Do you grow twitchy without Twitter? Barmy without your FarmVille? Does every incoming e-mail give you a warm and fuzzy feeling all over?
The opiate of the messages
Researchers in the US have linked cultural obsession with social media - BlackBerrys, Facebook, Twitter and other devices of the digital age - with the same insidious neural pathways that trigger cravings in alcoholics and drug addicts. What's more, residents living abroad in predominantly expatriate cities such as Abu Dhabi and Dubai, where Facebook and MySpace are overwhelmingly popular, may be especially at risk.
The link between connection and compulsion comes from a study in which the University of Maryland's International Center for Media and the Public Agenda asked 200 students to abstain from all media for 24 hours. When the day was done, the researchers asked the subjects to blog about their feelings. They expected complaints, but not the physical manifestations of classic withdrawal that were reported: anxiety, mood swings, loneliness, pounding headaches, even delusions of phantom phone rings.
One student wrote: "Texting and IM-ing [instant messaging] my friends gives me a constant feeling of comfort. When I did not have those two luxuries, I felt quite alone and secluded from my life." Another student experienced mood swings and "felt like a person on a deserted island" after being unable to check e-mail. "I noticed physically, that I began to fidget, as if I was addicted to my iPod and other media devices, and maybe I am," the student wrote.
"We were surprised by how many students admitted that they were 'incredibly addicted' to media," Susan Moeller, the director of the media centre, told the online journal LiveScience. "They hated losing their personal connections. Going without media meant, in their world, going without their friends and family." To the students, text messaging and social networking were essential for feeling connected.
The findings resonated with Dr Saliha Afridi, a clinical psychologist with the Human Relations Institute in Dubai. "Whether it's alcohol, drugs, television, it's the same kind of dopamine being released, and the same neural pathways are being reinforced in your brain," she said. "Everybody here is from somewhere else and we've all left our families and social circles and places we're familiar with, so we find we might be around a lot of people but we might not be connecting to a lot of people. We're social animals, and so we turn to Facebook."
Dopamine - the neurotransmitter that tugs at the brain, telling it to expect pleasure - is part of what the psychologist Susan Weinschenk calls the "dopamine-induced loop". The advent of text messaging and Twitter has brought instant gratification for anyone wanting to talk to someone or be heard right away. A new e-mail popping up in an inbox or the chime on a phone indicating a new text message might deliver the same buzz as when a smoker takes a drag from a cigarette.
"It becomes harder and harder to stop looking at e-mail, stop texting, stop checking our cellphones to see if we have a message or a new text," Dr Weinschenk noted. Dopamine is also to blame for the happy state of wanting to seek things out, such as when a person begins one Google search and ends up ensnared in an hour-long Googling session, according to Kent Berridge, a professor of psychology at the University of Michigan.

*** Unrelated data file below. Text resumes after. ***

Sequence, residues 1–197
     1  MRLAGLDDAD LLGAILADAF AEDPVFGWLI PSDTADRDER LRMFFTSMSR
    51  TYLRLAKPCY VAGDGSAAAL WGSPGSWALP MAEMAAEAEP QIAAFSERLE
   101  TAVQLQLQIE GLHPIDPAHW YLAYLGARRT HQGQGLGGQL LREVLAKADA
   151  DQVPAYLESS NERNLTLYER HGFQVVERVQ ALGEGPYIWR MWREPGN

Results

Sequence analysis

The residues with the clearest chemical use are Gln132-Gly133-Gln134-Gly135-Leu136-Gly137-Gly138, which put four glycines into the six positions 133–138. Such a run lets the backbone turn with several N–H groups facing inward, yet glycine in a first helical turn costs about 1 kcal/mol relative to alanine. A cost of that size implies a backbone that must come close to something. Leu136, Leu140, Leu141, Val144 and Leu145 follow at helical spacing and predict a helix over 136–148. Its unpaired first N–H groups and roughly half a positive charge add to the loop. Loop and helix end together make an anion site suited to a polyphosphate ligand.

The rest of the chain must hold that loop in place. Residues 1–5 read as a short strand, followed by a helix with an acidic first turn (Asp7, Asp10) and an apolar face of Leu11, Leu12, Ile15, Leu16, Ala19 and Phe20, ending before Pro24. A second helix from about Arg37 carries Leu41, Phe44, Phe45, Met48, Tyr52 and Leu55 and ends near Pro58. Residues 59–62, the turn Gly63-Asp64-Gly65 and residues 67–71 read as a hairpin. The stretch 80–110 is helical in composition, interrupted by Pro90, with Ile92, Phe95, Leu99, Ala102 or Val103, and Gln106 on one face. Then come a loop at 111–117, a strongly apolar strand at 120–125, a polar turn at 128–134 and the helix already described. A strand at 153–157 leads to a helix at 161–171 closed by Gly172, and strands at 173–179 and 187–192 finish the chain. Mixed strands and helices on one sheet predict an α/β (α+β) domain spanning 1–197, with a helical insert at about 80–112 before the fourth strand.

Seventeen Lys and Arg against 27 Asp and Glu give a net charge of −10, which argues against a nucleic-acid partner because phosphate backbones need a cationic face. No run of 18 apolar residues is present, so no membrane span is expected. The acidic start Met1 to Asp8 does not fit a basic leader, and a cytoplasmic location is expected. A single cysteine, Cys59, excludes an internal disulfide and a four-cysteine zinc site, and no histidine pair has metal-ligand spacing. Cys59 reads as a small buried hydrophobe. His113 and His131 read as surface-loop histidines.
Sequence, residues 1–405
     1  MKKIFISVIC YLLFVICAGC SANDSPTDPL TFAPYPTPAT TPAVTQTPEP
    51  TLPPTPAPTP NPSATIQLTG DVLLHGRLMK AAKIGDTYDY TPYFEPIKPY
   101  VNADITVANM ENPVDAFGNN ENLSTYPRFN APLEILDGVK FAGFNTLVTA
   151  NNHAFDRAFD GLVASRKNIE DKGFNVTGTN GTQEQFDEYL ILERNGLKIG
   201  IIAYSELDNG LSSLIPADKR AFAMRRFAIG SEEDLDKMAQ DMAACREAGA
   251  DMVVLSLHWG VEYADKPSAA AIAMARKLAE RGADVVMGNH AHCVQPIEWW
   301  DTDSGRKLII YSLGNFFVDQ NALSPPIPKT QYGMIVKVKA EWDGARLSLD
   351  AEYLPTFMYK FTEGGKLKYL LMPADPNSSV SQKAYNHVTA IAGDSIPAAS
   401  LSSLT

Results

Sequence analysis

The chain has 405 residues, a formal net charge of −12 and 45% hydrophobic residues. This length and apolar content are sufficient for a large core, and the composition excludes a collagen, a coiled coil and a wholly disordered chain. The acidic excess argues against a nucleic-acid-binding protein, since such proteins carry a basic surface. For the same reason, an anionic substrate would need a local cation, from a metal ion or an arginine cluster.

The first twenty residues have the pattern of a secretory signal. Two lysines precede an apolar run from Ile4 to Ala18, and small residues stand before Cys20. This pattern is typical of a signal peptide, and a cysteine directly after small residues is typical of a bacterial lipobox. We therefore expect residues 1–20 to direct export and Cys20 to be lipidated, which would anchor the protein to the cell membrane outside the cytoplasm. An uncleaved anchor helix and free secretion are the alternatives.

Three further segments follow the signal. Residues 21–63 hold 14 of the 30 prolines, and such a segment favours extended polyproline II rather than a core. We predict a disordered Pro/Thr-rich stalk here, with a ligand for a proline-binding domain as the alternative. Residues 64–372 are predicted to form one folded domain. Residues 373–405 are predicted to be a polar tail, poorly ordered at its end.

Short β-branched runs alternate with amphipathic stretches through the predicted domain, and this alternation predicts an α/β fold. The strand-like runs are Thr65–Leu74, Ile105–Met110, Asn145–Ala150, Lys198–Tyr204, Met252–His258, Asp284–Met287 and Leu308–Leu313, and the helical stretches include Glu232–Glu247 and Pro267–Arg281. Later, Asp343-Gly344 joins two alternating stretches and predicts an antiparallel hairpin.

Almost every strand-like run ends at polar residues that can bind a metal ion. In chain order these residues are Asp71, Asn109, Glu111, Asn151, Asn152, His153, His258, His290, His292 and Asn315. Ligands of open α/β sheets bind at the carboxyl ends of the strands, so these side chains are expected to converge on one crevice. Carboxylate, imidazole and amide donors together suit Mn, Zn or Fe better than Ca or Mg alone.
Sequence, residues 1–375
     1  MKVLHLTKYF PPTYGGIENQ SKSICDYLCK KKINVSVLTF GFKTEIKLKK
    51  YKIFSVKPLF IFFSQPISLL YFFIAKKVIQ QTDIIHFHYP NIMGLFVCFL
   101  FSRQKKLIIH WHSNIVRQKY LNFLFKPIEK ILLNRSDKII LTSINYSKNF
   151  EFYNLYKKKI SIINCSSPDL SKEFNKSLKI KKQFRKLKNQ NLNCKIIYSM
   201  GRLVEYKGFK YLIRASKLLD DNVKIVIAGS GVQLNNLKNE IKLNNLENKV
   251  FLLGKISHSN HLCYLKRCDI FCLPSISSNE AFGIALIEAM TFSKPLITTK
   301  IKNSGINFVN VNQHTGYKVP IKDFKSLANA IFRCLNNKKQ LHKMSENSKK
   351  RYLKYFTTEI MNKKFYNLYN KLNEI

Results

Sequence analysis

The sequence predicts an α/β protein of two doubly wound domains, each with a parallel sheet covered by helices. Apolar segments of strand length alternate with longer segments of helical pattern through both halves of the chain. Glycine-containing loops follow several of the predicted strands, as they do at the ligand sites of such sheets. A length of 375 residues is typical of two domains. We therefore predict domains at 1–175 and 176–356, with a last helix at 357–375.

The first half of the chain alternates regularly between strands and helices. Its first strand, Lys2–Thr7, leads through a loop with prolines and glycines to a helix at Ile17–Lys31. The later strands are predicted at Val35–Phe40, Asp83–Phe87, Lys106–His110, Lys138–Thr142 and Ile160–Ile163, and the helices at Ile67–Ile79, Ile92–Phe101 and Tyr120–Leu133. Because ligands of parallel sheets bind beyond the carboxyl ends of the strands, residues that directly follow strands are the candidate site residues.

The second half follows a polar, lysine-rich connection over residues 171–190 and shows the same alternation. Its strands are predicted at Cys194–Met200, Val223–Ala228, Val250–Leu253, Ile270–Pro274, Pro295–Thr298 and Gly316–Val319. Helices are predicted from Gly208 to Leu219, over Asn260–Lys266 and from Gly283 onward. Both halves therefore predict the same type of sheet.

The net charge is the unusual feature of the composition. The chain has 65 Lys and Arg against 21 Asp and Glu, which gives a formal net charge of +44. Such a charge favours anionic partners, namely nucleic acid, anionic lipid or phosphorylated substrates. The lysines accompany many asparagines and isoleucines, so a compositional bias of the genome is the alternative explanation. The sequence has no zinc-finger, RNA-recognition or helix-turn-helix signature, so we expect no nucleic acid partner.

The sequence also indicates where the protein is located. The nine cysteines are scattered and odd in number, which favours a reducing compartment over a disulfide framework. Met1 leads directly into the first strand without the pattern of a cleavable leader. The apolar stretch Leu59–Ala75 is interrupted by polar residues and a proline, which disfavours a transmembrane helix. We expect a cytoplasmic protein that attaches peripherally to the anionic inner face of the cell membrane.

Dr Afridi has seen her share of patients who have replaced real-life connections with compulsive virtual relationships, particularly among Dubai expatriates in recent years. Real-time simulation games such as FarmVille, which allows users to harvest virtual crops, consume hours of patients' time. "Some of the women come to me, they don't work or their kids are at school, and I find they're on Facebook four, five, eight hours a day," she said. "There are kids that come to me and say all my mum does is play on FarmVille every day."
In 2008, the market research firm Synovate found that UAE residents were more likely than North Americans to have an online social network account. The survey said 46 per cent of UAE respondents were members, compared with 44 per cent of respondents in Canada and 40 per cent in the US, out of 13,000 people interviewed globally. People with an unhealthy dependence on updating their Facebook statuses or checking for new Tweets might do well to ask themselves what needs are being met from that behaviour, Dr Afridi said.
"We look at the biopsychosocial needs. Every time I do something, or I'm putting in my new status, it might say something about my needs to be recognised or appreciated or heard." Dr Afridi uses Facebook herself and recognised the convenience of being able to plan dinner parties and get updates on friends' lives, but healthy boundaries are key. Social networking technologies should not become a primary means of communication, she said.
"Our culture is becoming more individualised and isolated, and a lot less mindful of our relations." Crowne Plaza Hotels recently acknowledged this technology-obsessed culture. Last week, the company introduced a "switch off at 7" evening call service across hotels in Europe as well as in Abu Dhabi and Dubai. The service reminds guests to turn off their laptops and phones to prepare for sleep. Told of the University of Maryland addiction study, Alexander McNabb, who uses Twitter as many as 30 times a day, did not buy it.
"Two weeks ago, I spent five days in western Ireland without access to the internet or television," he said. "It was brilliant, except I didn't know about that volcano in Iceland. We found out about it in the end over the radio." Did the 45-year-old director of a public relations company experience tech withdrawal? "No pangs at all," he said. "Unless you count the shock and knowledge that I had at least 2,000 e-mails when I got back."